The design of a microfiber flat mop lends toward a uniform application of thinner coats. As mentioned, thinner coats speed up the drying time, improve the appearance, and can increase durability.

Diversey/Johnson, the manufacturer of the finish you use, suggests an “average” coat of finish might leave 3 microns of finish per coat. Of course, this varies with the percent of solids and the thickness of the application. With a recommended application of five coats, this would produce 15 microns or 3/5 of a mil.

No matter how you apply the finish, and using the above guidelines, you would still shoot for 15 microns to obtain optimum appearance and durability. You could do that with three coats, but five thin coats are better.

From an appearance standpoint and for ease of application, you will find a flat mop superior to the outdated mop and bucket. You should experience labor savings, as the flat mop width can be twice that of a wet mop. You could always try one out and calculate the savings for your own operations. Normally, the workers love the reduced drag and diminution of back muscle strain.



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Wet Look 

Q.  What is the exact procedure for obtaining the “wet look” on VCT? A client wants 6 coats of high solids finish and the floor burnished. At what point do I burnish and how?

A. 
Maintaining a “wet look” is a combination of using a premium high-solids floor finish, applying thin coats, and then using a high-speed burnisher to maintain the shine. Your local Jan/San supplier should be able to help you with the correct selection of a high-speed buffable floor finish. Some finishes only allow an application of 4 coats within a 24 hour period. If more than that is applied, the finish will dry, but not cure.
One rule to follow when applying floor finish is to use a 100% plus 1 coat rule. For example, if you used a 25% solids finish you would apply 4 coats which would equal 100% (25% x 4). Then, to add extra endurance and gloss, apply one more coat. If you use a finish with 20% solids, apply 6 coats (20% solids x 5 coats = 100% solids, plus 1 coat for good measure).Thin coats applied with a microfiber pad are best. Always ensure there is adequate drying time between coats (normally 30-40 minutes).
Most manufacturers recommend a curing period of 72 hours before burnishing. At that time, you could mop on a restorer and then burnish the floor with a high-speed burnish pad. Your supplier should be able to recommend the proper color.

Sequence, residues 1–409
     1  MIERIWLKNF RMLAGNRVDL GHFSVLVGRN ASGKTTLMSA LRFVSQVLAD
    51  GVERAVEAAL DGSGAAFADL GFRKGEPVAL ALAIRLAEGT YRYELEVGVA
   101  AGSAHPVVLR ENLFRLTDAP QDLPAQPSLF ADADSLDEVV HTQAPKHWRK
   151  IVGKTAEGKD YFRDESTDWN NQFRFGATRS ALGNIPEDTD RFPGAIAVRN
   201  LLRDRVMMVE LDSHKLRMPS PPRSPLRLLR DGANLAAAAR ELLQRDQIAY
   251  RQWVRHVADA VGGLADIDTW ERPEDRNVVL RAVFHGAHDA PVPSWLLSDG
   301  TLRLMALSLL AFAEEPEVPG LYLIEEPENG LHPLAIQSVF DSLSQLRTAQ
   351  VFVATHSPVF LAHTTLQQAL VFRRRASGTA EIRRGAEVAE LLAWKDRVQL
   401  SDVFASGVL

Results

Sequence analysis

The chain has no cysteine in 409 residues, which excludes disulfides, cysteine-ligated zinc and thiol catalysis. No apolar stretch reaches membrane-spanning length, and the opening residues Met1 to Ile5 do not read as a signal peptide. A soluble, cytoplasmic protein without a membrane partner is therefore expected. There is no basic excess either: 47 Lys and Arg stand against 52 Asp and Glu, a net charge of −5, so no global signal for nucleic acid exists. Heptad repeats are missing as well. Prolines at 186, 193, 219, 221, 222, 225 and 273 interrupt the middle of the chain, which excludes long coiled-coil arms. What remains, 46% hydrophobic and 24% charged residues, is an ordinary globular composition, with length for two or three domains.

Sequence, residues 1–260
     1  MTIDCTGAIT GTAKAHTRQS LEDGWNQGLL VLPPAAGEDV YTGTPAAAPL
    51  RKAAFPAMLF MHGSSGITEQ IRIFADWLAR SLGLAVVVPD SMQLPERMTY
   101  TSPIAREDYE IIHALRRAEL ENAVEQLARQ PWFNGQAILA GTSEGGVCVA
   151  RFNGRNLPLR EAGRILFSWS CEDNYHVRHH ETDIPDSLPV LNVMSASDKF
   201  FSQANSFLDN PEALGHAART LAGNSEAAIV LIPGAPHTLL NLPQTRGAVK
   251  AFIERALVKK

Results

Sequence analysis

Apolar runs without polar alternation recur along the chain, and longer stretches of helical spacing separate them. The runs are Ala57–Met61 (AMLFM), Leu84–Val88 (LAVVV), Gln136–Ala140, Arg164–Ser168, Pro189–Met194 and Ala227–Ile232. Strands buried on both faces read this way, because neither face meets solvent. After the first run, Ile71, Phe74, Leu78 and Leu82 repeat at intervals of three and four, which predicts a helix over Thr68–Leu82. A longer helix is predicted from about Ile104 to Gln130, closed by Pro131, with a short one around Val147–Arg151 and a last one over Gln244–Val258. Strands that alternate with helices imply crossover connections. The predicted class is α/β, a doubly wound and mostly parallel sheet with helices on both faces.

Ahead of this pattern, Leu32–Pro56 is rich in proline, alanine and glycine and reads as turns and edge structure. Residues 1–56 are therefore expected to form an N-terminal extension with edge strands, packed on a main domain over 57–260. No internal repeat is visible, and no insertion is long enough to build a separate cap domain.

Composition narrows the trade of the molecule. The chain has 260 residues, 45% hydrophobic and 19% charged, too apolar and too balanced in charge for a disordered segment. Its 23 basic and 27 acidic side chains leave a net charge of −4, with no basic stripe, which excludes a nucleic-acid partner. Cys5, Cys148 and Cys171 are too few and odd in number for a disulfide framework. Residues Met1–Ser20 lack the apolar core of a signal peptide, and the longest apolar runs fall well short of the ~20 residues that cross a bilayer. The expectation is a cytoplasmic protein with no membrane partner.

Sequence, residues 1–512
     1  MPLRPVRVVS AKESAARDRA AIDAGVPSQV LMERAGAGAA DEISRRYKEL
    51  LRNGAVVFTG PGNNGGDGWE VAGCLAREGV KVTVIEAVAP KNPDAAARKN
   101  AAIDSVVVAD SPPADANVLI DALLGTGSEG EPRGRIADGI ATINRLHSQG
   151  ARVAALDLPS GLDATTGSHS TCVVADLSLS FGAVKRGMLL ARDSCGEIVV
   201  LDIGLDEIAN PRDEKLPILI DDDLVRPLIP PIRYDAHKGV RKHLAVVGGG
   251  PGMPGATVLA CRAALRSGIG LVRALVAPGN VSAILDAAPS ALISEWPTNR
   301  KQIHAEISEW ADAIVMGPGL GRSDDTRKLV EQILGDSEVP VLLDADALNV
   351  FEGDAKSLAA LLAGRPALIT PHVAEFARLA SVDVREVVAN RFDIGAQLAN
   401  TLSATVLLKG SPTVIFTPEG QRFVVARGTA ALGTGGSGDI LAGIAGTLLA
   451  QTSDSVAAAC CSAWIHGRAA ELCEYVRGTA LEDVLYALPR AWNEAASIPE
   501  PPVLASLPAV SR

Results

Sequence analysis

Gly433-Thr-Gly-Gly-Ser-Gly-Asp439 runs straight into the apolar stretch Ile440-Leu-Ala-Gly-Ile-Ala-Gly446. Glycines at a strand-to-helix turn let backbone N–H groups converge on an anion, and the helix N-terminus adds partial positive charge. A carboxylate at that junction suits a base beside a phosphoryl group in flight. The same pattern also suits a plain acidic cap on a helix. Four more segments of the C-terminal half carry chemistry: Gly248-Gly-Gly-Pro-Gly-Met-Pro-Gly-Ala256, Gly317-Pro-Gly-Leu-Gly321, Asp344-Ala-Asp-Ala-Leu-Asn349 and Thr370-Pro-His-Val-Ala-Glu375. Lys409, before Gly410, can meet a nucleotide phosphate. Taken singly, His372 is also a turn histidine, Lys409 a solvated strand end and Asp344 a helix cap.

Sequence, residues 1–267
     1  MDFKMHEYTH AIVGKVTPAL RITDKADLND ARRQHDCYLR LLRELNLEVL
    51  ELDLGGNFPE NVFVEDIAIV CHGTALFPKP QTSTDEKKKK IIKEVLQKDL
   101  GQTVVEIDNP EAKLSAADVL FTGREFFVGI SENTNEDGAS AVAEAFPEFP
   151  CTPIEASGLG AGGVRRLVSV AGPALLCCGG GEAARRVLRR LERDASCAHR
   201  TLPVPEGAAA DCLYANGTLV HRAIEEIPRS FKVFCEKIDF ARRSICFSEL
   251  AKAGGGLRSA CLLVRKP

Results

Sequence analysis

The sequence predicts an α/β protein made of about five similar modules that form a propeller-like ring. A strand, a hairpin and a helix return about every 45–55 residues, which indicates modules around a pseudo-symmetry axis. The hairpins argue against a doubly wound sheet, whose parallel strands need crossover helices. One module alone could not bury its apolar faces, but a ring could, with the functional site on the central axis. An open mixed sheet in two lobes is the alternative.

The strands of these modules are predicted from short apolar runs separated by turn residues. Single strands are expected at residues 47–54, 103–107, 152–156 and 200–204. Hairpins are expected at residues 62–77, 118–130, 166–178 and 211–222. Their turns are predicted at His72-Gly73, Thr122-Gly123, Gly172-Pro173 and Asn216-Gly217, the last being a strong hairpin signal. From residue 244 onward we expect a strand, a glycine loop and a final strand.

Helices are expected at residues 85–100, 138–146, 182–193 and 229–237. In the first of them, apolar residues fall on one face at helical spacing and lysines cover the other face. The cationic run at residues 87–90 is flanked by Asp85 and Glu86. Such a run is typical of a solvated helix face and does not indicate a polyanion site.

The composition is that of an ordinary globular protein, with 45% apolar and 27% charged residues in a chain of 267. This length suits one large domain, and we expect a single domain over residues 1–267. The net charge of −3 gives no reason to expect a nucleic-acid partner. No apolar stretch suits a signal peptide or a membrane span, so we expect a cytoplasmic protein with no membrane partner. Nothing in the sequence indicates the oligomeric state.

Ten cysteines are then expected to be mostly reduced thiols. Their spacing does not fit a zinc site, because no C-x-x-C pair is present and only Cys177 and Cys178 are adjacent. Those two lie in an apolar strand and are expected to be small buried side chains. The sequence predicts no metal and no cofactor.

Your burnishing procedure would include a thorough dust-mopping, followed by mopping on the restorer product, diluted according to label. Once dry, slowly burnish the VCT making sure the machine does not pause and cause burn spots. Rotate or replace the pad before it becomes soiled. Dust mop again when finished. Repeat the process on a regular schedule before the scuffs and wear degrade the finished appearance.
When the floor starts to dull and not respond well to buffing, deep scrub the floor using a green pad under an autoscrubber or low speed swing machine. (This will remove the top layer of finish where all the dirt has been ground into the floor). Rinse the floor to remove any residue, and apply two coats of your high-gloss finish (mainly to the worn traffic lanes). Continue with your buffing program. You would normally scrub and re-coat twice a year depending upon the use and traffic. This will prevent premature wear and loss of gloss.
Don’t forget that daily dust-mopping and spot wet-mopping are critical parts of a professional maintenance program.

How many coats of finish?

Q.  
In a daycare setting, is it safe to apply 5 coats of finish or will it create a safety hazard for the kids and the staff? This school used a contractor who only applied one coat of finish when the VCT tile was laid. They have been open now for 3 months and after nightly mopping and daily traffic the floors are dulling out and looking scratchy. Is it too late to offer monthly spray buffing on the floors?

A. 
Most VCT warranties recommend 2-3 coats of a commercial floor finish to protect new tile from abrasion and stains. One coat will not provide enough of a base to respond to buffing. By now, it is unlikely that any of the first coat is still remaining. Spray buffing will only produce a slight sheen, which will not hold up.
What you need to recommend is a deep scrub and application of 3-4 coats of finish. Four coats will provide superior traction (non-slip surface) compared to just one coat. The only exception might be on the kitchen floor when it is wet. Some kitchens place rubber mats in front of the dishwasher. It is difficult to get more than four coats of finish to cure well in one evening. Often the 5th coat bites into the previous four and leaves dull, ropy spots.